With adjournment looming and some high-profile bills in limbo, Oregon lawmakers are scheduling work sessions this week on spending bills that could add $2 billion or more to the state’s biennial budget.
Last week was marked by final approval of bills to allow Oregon collegiate athletes to receive compensation for use of their images and to prevent bakery employers from penalizing workers who refuse to work overtime on short notice.
No consensus on a farmworker overtime bill was reached in House Revenue, which sent the contentious measure to a newly formed joint committee to look for a compromise. A bill to permit self-serve gas barely survived legislative deadlines after moving to Ways and Means with two courtesy votes.
Legislation to allow the Oregon Lottery to conduct sports betting ran into opposition from tribes that operate casinos. A measure to expand the number of annual primary care check-ups without cost-sharing and increase access to behavioral health services was rescued via a “gut-and-stuff” of a Senate bill now is headed to the House floor.
Legislation to allow the Oregon Lottery to engage in college sports betting ran into opposition from Oregon tribes that operate casinos. Anti-gambling advocates also opposed the measure.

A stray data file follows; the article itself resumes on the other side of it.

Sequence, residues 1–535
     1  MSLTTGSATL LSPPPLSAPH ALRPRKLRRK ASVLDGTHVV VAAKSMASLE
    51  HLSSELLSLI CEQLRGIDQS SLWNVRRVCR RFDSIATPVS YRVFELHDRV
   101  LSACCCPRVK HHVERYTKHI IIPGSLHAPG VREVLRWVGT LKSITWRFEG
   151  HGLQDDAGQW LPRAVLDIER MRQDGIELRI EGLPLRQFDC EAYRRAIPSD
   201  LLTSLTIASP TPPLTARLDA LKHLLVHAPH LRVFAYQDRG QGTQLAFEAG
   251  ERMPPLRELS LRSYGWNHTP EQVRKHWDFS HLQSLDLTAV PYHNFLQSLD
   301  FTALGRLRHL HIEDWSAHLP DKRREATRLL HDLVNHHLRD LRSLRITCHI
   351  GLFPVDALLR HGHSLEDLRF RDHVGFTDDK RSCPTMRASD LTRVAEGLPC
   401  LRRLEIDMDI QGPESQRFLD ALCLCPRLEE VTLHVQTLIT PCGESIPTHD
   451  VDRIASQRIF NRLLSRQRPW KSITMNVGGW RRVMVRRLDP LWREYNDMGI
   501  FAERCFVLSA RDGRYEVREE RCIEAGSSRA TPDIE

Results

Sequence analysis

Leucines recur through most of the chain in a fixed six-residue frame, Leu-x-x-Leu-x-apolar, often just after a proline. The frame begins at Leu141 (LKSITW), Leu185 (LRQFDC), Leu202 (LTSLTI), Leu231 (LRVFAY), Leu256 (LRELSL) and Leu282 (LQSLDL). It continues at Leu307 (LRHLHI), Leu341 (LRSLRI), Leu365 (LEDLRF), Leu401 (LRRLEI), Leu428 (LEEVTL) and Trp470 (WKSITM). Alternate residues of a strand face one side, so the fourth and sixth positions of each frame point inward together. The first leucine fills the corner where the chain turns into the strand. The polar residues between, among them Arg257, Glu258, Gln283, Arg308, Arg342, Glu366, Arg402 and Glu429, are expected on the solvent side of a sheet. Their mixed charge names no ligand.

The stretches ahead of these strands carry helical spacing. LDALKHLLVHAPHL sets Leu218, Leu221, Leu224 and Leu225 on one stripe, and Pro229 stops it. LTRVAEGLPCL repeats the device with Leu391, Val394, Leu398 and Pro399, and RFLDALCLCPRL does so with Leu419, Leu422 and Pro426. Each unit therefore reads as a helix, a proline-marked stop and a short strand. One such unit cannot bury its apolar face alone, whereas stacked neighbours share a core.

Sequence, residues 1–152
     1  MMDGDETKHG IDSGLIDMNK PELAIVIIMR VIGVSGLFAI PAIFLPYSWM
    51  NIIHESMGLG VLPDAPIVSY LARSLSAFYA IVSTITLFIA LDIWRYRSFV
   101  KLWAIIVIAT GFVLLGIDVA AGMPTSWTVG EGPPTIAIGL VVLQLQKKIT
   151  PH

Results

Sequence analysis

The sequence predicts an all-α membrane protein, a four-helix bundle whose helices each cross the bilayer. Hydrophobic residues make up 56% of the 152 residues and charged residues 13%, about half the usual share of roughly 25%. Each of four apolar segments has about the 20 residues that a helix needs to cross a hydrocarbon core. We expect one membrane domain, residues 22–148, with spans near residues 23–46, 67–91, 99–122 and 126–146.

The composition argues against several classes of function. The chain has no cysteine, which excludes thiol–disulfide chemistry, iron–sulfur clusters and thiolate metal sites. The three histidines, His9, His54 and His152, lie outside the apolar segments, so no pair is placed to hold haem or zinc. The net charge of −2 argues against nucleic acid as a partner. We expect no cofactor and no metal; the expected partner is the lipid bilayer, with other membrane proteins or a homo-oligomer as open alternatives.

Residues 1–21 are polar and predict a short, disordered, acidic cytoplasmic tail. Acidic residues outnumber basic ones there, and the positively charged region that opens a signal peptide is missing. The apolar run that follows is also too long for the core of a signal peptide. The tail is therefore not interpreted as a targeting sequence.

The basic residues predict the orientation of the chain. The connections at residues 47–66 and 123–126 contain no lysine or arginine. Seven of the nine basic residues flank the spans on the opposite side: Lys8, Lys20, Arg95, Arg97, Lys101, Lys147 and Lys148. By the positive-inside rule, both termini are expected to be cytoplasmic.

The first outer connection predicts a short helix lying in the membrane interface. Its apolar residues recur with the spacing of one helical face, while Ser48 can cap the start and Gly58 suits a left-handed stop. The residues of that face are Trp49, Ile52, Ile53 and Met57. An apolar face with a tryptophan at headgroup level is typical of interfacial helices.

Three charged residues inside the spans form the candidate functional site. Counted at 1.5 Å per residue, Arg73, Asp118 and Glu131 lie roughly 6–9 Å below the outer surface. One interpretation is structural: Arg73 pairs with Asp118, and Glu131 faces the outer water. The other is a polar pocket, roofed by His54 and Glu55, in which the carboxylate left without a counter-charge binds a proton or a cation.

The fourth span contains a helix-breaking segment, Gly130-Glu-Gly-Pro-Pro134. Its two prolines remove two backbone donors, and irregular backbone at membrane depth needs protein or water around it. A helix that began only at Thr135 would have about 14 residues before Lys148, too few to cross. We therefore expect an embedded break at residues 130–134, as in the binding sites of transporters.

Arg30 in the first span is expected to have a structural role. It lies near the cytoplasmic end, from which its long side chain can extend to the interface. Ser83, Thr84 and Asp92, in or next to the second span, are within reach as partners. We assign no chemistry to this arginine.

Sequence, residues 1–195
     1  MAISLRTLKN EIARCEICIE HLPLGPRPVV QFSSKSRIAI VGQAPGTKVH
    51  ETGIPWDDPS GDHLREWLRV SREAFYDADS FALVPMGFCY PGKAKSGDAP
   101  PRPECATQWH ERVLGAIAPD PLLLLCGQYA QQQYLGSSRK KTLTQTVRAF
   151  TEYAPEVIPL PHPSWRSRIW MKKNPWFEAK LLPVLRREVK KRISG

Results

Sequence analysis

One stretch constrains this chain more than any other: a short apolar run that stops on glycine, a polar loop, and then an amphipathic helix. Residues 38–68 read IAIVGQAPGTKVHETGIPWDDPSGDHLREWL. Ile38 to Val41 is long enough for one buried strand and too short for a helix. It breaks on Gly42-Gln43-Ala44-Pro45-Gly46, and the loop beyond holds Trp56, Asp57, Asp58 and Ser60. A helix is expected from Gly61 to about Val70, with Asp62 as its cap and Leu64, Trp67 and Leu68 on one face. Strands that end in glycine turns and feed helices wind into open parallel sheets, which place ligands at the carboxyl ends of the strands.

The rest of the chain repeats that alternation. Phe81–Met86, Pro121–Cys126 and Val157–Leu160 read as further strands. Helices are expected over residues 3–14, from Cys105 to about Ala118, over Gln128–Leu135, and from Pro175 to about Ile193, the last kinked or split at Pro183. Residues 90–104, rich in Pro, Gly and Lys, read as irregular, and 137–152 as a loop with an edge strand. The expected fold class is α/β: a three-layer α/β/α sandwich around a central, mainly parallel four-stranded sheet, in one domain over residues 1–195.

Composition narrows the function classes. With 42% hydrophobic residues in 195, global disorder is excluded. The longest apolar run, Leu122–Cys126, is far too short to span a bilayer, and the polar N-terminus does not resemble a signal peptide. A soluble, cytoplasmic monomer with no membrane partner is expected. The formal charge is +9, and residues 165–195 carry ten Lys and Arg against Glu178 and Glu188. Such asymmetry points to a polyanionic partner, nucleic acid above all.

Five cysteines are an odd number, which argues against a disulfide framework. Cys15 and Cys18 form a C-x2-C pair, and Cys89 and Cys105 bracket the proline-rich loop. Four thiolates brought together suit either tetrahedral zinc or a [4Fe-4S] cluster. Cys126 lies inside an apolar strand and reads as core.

A trucker convoy protesting mask mandates surrounded the Capitol on Thursday, hoisting a giant US flag on a crane. A dozen protestors entered the Capitol without wearing masks. On the same day, Senator Dallas Heard, R-Myrtle Creek, reiterated his opposition to mask mandates and refused to wear his mask while on the Senate floor. With truck horns blaring outside and after Senate President Peter Courtney pleaded, the Senate voted along party lines to exclude Heard temporarily from floor sessions.
GOP lawmakers continue to require verbatim reading on bills before floor votes, which has bogged down the session.
Major Funding Proposals
Majority Democrats unveiled a $400 million housing package, with $215 million to build and maintain affordable housing, $165 million for homeless services and $20 million to improve access to home ownership. Some of the $165 million will expand Project Turnkey that helps local government purchase motels and convert room into emergency housing. Only $25 million will go to homeless services, which is half what mayors requested. Noticeably left out of funding is the City of Portland.
Governor Brown has requested $200 million for her Future Ready Oregon 2022 initiative to boost job training, especially in minority and underserved communities, for careers in health care, manufacturing, technology and construction. Other proposals propose $125 million to move Harriet Tubman Middle School to a site farther away from I-5, $120 million to protect Elliott State Forest, $100 million to expand childcare and increase provider pay, $30 million for Native American student college tuition and $38 million to help small businesses.